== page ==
Pine River and Los Pinos River Trail is a 27.1 mile moderately trafficked point-to-point trail located near Bayfield, Colorado that features a river and is good for all skill levels. The trail offers a number of activity options and is best used from June until October.
Very easy and pretty hike to the river
My sister and I did a 3 day, 2 night backpacking trip on the pine River/emerald creek trail back in mid-May. It was our first backpacking trip, and it was great for both of us!! We hit a lot of snow about 6/7 miles into the emerald creek trial, so we turned back earlier than expected from that trail. (Side note: it definitely hit freezing that first night). However, turning back from emerald creek and continuing on pine River wound up being a blessing in disguise because the Pine River trail is beautiful!! And lower altitudes so no snow. There was a pre-made campsite up on a little hill that overlooked some beautiful mountains. To sum up: UNREAL first backpacking trip. Would love to do these trails again in the summertime.
Forgot to rate it. 5 stars!!!
Just experienced Pine River Trail and it was fantastic. Very green and beautiful. We were heading to Emerald Lake but the incline of elevation was very long and high. The trail starts out at about 8000 elevation and inclines to about 10000 elevation. The trail is very rocky but manageable to hike on with beautiful scenery and plant life. We got half way and camped out at a campsite along the Pinos River. It was sooo beautiful and relaxing, caught a brown trout and ate it for supper. There was a groupimg of bear poops in our campsite but we saw none come around at the time. Awesome trail altogether, I wish we could have gone further to Emerald Lake.
We actually came from the Rock Creek Trail (started at Vallecito Campground-Vallecito Creek Trail (14 mi) north to Rock Creek Trail (East about 6 miles) to Flint Creek trail south to Pine River Trail south. We entered the Flint Creek trail at Flint Lake.
A strong suggestion, if you take this loop, do not start at Pine River and go to Vallecito. Start at Vallecito and go around. It looks to be much easier.
Flint lake is majestic and beautiful. The trout (brown and brook from what I caught) are huge. We caught 12 to 18 inchers. Fantastic fishing.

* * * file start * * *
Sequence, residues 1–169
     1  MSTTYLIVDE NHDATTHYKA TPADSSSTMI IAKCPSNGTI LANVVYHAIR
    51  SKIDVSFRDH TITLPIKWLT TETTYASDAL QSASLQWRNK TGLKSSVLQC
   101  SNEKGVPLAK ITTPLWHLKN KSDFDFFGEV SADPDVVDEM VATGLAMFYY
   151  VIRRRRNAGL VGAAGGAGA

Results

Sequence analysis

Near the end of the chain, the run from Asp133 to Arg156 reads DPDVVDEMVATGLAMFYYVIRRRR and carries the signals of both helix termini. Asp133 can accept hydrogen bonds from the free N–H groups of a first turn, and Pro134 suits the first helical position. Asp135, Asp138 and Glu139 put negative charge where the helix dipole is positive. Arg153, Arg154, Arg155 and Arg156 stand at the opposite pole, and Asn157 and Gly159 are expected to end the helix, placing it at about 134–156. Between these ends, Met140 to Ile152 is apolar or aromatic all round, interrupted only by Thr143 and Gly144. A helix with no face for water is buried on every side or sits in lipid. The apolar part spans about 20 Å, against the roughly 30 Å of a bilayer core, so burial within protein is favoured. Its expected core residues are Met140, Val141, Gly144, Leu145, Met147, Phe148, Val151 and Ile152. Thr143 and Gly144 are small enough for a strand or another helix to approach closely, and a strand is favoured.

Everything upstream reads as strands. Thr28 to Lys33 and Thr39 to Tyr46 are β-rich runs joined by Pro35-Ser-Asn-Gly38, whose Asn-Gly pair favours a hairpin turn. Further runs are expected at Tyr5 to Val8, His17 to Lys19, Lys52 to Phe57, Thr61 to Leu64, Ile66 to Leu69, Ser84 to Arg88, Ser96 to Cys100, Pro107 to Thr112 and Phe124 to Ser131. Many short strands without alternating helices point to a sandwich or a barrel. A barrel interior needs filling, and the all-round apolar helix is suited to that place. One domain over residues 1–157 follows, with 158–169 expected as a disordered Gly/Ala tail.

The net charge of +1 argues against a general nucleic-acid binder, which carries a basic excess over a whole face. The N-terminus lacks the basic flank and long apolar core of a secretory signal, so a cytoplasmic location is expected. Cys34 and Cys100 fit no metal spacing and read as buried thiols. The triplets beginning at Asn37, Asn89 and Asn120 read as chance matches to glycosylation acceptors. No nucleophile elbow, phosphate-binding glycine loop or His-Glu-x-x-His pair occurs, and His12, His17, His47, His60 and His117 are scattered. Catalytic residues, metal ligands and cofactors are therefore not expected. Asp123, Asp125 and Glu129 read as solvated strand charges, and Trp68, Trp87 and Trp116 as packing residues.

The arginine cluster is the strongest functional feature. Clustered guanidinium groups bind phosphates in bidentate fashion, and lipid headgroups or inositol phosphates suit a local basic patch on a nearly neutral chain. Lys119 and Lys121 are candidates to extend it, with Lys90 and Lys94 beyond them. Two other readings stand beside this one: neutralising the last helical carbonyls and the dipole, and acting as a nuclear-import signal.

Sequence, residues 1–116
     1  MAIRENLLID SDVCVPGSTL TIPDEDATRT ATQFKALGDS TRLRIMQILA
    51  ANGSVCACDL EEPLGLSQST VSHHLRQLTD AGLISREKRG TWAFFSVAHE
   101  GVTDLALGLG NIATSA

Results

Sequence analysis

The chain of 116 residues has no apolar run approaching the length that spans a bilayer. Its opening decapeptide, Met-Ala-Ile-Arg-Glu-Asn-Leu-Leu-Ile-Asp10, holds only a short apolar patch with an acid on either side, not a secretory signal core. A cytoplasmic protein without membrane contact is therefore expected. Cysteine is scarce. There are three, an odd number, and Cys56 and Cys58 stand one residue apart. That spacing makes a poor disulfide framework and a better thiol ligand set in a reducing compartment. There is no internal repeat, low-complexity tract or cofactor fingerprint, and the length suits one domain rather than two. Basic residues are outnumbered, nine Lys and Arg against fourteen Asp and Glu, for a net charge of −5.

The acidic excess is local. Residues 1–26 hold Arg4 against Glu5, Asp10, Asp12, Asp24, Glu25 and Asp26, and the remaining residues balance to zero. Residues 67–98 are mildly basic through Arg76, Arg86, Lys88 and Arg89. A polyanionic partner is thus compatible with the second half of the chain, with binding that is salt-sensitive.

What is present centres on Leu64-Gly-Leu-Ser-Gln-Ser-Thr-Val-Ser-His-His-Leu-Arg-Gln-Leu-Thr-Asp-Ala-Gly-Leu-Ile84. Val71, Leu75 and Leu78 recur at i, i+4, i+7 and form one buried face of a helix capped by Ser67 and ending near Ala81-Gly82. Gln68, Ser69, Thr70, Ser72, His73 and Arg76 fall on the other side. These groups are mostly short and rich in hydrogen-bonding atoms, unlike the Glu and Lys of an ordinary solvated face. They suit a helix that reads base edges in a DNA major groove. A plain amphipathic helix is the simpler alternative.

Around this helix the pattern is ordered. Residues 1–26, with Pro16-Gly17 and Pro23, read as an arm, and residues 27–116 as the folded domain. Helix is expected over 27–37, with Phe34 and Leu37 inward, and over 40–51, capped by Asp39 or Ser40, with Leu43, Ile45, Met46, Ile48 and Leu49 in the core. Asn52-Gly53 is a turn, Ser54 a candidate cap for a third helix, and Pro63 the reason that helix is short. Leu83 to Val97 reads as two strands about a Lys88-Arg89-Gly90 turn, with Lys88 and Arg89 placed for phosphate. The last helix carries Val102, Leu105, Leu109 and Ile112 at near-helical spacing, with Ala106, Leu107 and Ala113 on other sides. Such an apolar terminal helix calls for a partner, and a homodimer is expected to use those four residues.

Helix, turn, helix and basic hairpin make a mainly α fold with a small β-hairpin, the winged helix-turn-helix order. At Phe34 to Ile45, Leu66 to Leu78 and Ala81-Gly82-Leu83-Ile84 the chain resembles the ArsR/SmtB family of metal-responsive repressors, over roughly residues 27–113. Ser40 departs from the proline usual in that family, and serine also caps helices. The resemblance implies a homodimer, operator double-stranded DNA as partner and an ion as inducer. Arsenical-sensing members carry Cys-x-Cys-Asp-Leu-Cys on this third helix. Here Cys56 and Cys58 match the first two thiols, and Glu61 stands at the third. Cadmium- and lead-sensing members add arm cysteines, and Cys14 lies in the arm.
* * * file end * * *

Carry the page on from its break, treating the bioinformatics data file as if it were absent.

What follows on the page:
The trail east on Flint Creek was above treeline for the first 1-2 miles. The views of the Continental Divide are fantastic. The trail is rocky but well maintained. The trail goes down in elevation aggressively. We were more than happy to be going down, not up this trail.
Once we entered the forest, we saw a elf-like forest, it was so moist and fertile. So much green plant life.
There was a creek crossing that was a little tricky. We thought the trail stayed on the north side, when in fact, the trail crossed the creek. Just look for the trail on the other side of the creek. It's not apparent immediately, but it is there.
One Flint Creek, joins Pine River Trail, the canyon really opens up. There are several nice camp sites at this trail intersection as well. The Pine River Trail is a very gradual downward slope to the trailhead. It is definitely rated easy even though it gains over 1600 feet just to the Flint Creek trailhead. The trail is at times, very rocky, but manageable. There are several waterfalls on the east side of the canyon that are fantastic views.
We had 2 bucks and a doe in our campground the last night. We also had a fox in the campground early in the morning looking for scraps-none here.
If you camp above treeline in the Flint Creek to Rock Lake area, watch for marmets that will literally eat the rubber off your walking poles. Put everything in your tent at night or it will be gone in the morning. No joke.
Rained (as usual this time of year) 3 of 4 nights. One night we had hail.